Where should anti-paternalists donate?

Consider paternalism as a proxy for model error rather than an intrinsic dispreference. We should wonder whether maybe the things we do to people are more likely to cause hidden harm or lack supposed benefits, than things they do for examples.

Deworming is an especially stark example. The mass drug administration program is to go to schools and force all the children, whether sick or healthy, to swallow giant poisonous pills that give them bellyaches, because we hope killing the worms in this way buys big life outcome improvements. GiveWell estimates the ef... (read more)

'Do No Harm - on Problem Solving and Design []' talks about fixer solutions vs. solver solutions. Its key points: Its concluding paragraph: Highly recommended read! :D
2John G. Halstead5y
I agree that there might be instrumental concerns about paternalistic interventions, especially where we have limited information about how recipients act. However, these concerns do not always seem to be decisive about the effectiveness of interventions in terms of producing welfare. e.g. mandatory childhood vaccination is highly cost-effective notwithstanding its paternalism; same goes for tobacco taxes, mandatory seatbelt legislation, etc. When you look back at the most successful public health interventions, they have been at least as paternalistic as bednets and deworming - smallpox eradication, ORT, micronutrient foritification etc. This shows that paternalism isn't that reliable a marker of lack of effectiveness. Wrt deworming, the issue seems to stem from features particular to deworming, rather than the fact that it is paternalistic.
Effective altruism is self-recommending's Introduction to Effective Altruism allocates most of its words to what's effectively an explanation of global poverty EA. A focus on empirical validation, explicit measurement and quantification, and power inequality between the developed and developing world. The Playpump example figures prominently. This would make no sense if I were trying to persuade someone to support animal charity EA or x-risk EA.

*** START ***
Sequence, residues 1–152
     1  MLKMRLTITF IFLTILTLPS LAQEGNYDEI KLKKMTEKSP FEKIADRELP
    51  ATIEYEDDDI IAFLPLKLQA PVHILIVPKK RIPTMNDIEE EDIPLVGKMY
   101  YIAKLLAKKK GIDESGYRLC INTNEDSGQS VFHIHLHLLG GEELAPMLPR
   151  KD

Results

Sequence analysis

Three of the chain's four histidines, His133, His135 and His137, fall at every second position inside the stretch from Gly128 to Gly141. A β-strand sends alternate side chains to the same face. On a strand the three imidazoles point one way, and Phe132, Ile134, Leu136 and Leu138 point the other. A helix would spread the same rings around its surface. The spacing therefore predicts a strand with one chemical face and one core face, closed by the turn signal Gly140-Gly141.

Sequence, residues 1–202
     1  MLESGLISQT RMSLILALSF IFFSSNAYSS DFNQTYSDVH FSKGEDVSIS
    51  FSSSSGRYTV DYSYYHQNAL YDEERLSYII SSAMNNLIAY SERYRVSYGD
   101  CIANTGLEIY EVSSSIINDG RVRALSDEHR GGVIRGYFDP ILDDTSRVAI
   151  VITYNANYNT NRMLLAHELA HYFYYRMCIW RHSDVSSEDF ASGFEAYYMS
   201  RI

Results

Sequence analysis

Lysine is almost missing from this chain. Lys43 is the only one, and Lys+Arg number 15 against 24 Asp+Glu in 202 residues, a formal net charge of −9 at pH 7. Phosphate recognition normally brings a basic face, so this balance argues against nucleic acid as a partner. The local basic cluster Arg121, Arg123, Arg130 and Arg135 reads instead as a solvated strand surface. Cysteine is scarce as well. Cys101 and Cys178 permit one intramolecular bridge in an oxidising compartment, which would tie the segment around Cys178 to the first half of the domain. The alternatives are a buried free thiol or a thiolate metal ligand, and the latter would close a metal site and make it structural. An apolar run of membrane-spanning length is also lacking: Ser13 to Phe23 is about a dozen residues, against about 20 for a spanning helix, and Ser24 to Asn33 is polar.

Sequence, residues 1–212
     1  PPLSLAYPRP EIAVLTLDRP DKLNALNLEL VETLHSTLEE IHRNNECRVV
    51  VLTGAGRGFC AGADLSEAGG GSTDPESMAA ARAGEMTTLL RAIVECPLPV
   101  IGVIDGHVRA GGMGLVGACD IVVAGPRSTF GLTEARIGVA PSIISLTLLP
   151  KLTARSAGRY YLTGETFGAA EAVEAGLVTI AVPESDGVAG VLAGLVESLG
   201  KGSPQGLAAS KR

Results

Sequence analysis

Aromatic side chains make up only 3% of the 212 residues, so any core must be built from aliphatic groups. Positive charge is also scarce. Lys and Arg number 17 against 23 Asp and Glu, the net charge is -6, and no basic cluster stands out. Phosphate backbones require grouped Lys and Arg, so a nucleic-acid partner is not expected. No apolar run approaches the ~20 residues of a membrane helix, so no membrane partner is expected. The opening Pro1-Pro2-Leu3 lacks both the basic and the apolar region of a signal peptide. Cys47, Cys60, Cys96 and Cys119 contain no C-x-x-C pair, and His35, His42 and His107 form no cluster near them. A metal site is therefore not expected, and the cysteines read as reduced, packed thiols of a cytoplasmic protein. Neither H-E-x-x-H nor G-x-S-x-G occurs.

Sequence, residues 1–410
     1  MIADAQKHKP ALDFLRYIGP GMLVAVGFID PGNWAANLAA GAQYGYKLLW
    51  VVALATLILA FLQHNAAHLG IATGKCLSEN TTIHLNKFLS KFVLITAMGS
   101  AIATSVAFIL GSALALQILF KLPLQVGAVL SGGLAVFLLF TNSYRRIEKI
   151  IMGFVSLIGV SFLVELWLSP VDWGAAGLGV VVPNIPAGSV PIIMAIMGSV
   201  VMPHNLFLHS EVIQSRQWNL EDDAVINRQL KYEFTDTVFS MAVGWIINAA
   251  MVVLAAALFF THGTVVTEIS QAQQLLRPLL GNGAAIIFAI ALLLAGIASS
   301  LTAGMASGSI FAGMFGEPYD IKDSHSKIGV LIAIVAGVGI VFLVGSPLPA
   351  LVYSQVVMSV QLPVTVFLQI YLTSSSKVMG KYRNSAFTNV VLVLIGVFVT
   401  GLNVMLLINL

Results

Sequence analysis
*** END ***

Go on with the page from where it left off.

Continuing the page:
Other EA focus areas that imply very different methods are mentioned, but not in a way that makes it clear how EAs ended up there.

I... (read more)

Thanks for digging up those examples. I think 'many methods of doing good fail' has wide applications outside of Global Poverty, but I acknowledge the wider point you're making. This is a problem I definitely worry about. There was a recent post by 80,000 hours (which annoyingly I now can't find) describing how their founders' approaches to doing good have evolved and updated over the years. Is that something you'd like to see more of? This is a true dynamic, but to be specific about one of the examples I had in mind: A little before your post was written I was helping someone craft a general 'intro to EA' that they would give at a local event, and we both agreed to make the heterogeneous nature of the movement central to the mini speech without even discussing it. The discussion we had was more about 'which causes and which methods of doing good should we list given limited time', rather than 'which cause/method would provide the most generically effective pitch'. We didn't want to do the latter for the reason I already gave; coming up with a great 5-minute poverty pitch is worthless-to-negative if the next person a newcomer talks to is entirely focused on AI, and with a diversity of cause areas represented among the 'core' EAs in the room that was a very real risk.

SlateStarScratchpad claims (with more engagement here) that the literature mainly shows that parents who like hitting their kids or beat them severely do poorly, and that if you control for things like heredity or harsh beatings it’s not obvious that mild corporal punishment is more harmful than other common punishments.

My best guess is that children are very commonly abused (and not just by parents - also by schools), but I don't think the line between physical and nonphysical punishments is all that helpful for understanding the true extent of this.

Scott links to this study [], which is more convincing. They measure the difference between "physical mild (slap, spank)" and "physical harsh (use weapon, punch, kick)" punishment, with ~10% of children in the latter category. They consider children of twins to control for genetic confounders, and find something like a 0.2 SD effect on measures of behavioral problems at age 25. There is still confounding (e.g. households where parents beat their kids may be worse in other ways), and the effects are smaller and for rarer forms of punishment, but it is getting somewhere.
Effective altruism is self-recommending